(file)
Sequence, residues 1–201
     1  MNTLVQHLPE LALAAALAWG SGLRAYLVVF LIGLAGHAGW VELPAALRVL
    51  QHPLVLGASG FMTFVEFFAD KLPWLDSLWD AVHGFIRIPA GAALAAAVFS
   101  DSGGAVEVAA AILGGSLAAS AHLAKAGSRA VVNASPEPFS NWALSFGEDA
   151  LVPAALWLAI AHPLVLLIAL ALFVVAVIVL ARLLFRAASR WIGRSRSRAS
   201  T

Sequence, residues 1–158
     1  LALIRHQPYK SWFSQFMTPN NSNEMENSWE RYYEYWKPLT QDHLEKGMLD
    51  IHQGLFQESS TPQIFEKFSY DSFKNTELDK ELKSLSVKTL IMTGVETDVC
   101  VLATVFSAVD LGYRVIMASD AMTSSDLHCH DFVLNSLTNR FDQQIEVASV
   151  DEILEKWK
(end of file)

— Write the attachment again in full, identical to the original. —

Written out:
Sequence, residues 1–201
     1  MNTLVQHLPE LALAAALAWG SGLRAYLVVF LIGLAGHAGW VELPAALRVL
    51  QHPLVLGASG FMTFVEFFAD KLPWLDSLWD AVHGFIRIPA GAALAAAVFS
   101  DSGGAVEVAA AILGGSLAAS AHLAKAGSRA VVNASPEPFS NWALSFGEDA
   151  LVPAALWLAI AHPLVLLIAL ALFVVAVIVL ARLLFRAASR WIGRSRSRAS
   201  T

Sequence, residues 1–158
     1  LALIRHQPYK SWFSQFMTPN NSNEMENSWE RYYEYWKPLT QDHLEKGMLD
    51  IHQGLFQESS TPQIFEKFSY DSFKNTELDK ELKSLSVKTL IMTGVETDVC
   101  VLATVFSAVD LGYRVIMASD AMTSSDLHCH DFVLNSLTNR FDQQIEVASV
   151  DEILEKWK